There are fewer than 14,000 FBI special agents scattered across the country and beyond, and considering the many and varied missions they are expected to carry out, it is ludicrous to expect them to bear sole responsibility for conducting counter-terrorism investigations. And indeed in many cities the FBI is but one component in the Joint Terrorism Task Forces that were established after the 9/11 attacks. And in New York City, which bore the brunt of the 9/11 attacks and is presumably high on any list of al-Qaeda’s future potential targets, Mayor Michael Bloomberg and Police Commissioner Ray Kelly would be worse than fools if they left it to the feds to protect the city from another attack.
So the question for Bloomberg and Kelly then becomes: How do you deploy your resources in such a way as to maximize their effectiveness in thwarting whatever malign designs people may have? Let us suppose some undercover NYPD officers spot people they believe to be engaged in target reconnaissance in Lower Manhattan near the Brooklyn Bridge. For added realism, let us further suppose these suspicious figures are young men who appear to be Muslims. (Did you know that all 19 of the 9/11 hijackers happened to be Muslims? It’s true!) The NYPD officers watch as these men take photographs of the bridge, the courthouses, City Hall, and One Police Plaza. (I know, it’s not against the law to take pictures of these places. And it’s not against the law for a police officer to watch people taking such pictures.)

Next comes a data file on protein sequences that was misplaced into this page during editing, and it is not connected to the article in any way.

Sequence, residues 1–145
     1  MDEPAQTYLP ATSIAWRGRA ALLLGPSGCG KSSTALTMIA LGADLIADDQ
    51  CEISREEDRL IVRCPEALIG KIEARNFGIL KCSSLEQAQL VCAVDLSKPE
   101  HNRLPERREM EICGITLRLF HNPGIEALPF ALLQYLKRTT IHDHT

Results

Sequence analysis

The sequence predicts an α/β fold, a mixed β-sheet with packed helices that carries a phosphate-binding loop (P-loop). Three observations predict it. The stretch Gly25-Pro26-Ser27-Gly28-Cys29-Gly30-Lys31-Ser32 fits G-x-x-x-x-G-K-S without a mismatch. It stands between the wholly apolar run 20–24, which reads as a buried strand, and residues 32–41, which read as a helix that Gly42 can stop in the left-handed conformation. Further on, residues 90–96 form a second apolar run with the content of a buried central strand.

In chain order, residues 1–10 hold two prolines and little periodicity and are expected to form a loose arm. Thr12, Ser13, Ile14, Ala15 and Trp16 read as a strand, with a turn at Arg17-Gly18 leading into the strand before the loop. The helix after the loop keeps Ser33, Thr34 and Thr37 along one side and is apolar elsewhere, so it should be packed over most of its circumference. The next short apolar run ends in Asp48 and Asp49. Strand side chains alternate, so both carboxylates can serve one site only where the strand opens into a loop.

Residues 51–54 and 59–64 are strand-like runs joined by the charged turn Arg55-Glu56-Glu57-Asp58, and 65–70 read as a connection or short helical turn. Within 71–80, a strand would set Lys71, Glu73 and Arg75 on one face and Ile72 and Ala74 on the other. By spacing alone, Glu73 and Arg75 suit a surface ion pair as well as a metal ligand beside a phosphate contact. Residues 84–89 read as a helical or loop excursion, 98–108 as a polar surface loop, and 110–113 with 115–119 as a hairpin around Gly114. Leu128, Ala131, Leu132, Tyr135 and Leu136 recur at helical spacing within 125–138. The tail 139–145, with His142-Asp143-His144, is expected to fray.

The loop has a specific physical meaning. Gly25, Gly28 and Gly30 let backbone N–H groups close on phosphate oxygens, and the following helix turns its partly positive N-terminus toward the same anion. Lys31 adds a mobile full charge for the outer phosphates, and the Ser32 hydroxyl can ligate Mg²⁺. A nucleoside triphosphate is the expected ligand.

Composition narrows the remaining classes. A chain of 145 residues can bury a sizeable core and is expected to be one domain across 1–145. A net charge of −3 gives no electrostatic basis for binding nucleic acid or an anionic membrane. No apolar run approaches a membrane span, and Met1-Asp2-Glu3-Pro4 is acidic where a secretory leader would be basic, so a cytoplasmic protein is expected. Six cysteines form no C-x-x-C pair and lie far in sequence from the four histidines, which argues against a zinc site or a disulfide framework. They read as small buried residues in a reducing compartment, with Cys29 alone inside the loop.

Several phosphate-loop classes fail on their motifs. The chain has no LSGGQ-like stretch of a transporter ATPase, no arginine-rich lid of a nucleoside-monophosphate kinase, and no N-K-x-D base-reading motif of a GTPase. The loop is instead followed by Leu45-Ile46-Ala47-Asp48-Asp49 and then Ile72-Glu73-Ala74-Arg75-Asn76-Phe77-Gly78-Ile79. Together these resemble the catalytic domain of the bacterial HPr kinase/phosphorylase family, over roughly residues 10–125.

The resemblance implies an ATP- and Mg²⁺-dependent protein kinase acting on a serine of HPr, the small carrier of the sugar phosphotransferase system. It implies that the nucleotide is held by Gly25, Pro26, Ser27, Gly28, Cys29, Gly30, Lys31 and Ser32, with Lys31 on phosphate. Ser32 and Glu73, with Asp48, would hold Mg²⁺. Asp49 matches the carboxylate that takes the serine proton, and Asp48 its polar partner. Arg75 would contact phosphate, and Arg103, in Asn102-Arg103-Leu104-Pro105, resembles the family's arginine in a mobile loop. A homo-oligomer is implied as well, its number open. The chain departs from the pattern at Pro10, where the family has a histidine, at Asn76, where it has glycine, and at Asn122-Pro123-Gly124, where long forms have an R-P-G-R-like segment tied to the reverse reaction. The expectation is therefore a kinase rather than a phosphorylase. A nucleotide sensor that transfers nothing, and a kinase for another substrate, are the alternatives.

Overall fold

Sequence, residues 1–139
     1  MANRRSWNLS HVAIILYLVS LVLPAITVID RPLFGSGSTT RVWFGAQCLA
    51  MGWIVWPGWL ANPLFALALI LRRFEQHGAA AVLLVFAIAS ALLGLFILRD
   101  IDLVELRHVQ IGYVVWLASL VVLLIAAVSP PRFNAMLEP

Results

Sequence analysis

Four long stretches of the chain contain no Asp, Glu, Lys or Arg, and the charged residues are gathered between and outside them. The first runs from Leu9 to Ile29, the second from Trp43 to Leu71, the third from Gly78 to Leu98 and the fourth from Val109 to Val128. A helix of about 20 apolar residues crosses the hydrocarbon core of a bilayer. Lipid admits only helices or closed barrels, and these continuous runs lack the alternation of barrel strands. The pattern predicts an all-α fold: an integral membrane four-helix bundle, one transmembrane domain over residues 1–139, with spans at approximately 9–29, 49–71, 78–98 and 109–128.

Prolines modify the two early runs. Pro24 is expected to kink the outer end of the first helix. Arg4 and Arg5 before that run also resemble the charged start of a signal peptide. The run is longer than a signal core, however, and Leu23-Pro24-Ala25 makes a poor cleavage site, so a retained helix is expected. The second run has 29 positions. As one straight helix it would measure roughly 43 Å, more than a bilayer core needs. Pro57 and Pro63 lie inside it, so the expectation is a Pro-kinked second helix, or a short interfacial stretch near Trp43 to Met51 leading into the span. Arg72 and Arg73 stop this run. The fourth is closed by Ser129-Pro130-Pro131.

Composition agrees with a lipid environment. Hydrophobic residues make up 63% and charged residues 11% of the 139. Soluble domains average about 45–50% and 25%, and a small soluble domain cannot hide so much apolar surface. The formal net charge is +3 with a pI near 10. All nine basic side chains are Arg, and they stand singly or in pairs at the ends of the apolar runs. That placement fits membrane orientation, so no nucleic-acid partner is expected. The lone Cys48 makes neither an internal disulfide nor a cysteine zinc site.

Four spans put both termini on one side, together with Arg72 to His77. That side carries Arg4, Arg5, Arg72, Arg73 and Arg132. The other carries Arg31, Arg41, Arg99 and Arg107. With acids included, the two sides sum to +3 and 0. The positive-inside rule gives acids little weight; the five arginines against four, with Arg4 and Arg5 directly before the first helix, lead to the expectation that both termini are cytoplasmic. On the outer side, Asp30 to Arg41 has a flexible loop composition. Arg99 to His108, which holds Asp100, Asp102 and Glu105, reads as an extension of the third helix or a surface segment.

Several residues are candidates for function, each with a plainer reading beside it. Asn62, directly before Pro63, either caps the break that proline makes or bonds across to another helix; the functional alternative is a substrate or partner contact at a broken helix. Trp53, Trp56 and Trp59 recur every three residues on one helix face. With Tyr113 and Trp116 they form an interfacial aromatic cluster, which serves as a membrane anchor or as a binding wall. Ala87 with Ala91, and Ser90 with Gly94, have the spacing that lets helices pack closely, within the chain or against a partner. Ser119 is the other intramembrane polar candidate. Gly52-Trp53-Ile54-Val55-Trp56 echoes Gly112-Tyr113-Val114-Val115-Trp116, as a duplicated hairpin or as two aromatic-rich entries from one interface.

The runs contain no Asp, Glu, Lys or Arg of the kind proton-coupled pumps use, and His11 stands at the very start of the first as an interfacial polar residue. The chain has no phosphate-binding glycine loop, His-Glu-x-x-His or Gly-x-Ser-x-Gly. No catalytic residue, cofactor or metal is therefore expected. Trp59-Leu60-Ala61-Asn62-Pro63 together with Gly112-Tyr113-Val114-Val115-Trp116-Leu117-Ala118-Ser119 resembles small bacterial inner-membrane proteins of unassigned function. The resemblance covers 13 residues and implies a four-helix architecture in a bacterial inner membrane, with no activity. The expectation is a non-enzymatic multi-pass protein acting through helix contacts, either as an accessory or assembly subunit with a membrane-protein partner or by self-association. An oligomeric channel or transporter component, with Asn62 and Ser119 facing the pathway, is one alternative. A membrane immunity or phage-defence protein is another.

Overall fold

Now let’s say these swarthy young men traverse Lower Manhattan and head for New Jersey via the Holland Tunnel, another ripe target for the aspiring terrorist. Should our NYPD officers abandon their surveillance when they reach the mid-point of the Hudson River? And if the officers should be so unlucky as to lose the suspects in traffic after discovering they are residents of New Jersey, would it be unreasonable for them to resume their surveillance at the suspects’ homes and monitor their activity further? They would be irresponsible not to, and no one should expect to be immune from scrutiny by dint of having crossed a state line. A potential terrorist might start his day in Philadelphia and end it in Boston, passing through Newark, New York City, Hartford, and Providence on the way. If the people following him happen to be local police officers rather than federal agents, should his activities go unobserved merely because he has passed through six states?
To his great credit, Commissioner Kelly is not backing down. Speaking on radio station WOR, Kelly told listeners, “People have short memories as to what happened here in 2001.”
And it is those people with short memories who have their knickers all in a wad over what Kelly’s NYPD is doing in the fight against terror. If the NYPD is constrained from conducting surveillance or other investigations out of concern for Muslims’ delicate sensibilities, and if the Empire State Building should therefore end up as a pile of rubble scattered up and down 34th Street, will these same people console themselves in the knowledge that at least no one was profiled or had his feelings hurt?